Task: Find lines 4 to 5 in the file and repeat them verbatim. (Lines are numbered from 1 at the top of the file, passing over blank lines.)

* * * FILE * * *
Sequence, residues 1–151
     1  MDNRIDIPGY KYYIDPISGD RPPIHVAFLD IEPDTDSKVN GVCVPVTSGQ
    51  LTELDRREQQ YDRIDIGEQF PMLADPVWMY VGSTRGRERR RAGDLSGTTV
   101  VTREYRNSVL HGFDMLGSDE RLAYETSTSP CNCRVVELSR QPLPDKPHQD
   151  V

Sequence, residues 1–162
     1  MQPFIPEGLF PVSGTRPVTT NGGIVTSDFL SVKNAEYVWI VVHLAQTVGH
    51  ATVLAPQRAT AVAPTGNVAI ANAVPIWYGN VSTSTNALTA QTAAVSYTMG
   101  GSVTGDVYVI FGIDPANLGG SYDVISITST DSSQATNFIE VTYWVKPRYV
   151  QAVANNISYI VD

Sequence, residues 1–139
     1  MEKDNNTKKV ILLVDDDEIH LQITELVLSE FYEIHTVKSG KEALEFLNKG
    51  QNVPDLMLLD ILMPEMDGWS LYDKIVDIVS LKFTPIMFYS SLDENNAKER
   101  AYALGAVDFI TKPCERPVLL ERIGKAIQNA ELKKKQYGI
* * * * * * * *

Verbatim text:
   101  VTREYRNSVL HGFDMLGSDE RLAYETSTSP CNCRVVELSR QPLPDKPHQD
   151  V